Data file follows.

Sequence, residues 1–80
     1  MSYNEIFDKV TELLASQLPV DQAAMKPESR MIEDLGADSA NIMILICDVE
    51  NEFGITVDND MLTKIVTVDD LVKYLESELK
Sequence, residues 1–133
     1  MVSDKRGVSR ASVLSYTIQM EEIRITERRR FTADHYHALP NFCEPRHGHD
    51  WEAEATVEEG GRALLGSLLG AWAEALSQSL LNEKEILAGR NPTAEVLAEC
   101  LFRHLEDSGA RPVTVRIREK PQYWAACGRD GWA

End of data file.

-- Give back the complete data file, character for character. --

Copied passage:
Sequence, residues 1–80
     1  MSYNEIFDKV TELLASQLPV DQAAMKPESR MIEDLGADSA NIMILICDVE
    51  NEFGITVDND MLTKIVTVDD LVKYLESELK
Sequence, residues 1–133
     1  MVSDKRGVSR ASVLSYTIQM EEIRITERRR FTADHYHALP NFCEPRHGHD
    51  WEAEATVEEG GRALLGSLLG AWAEALSQSL LNEKEILAGR NPTAEVLAEC
   101  LFRHLEDSGA RPVTVRIREK PQYWAACGRD GWA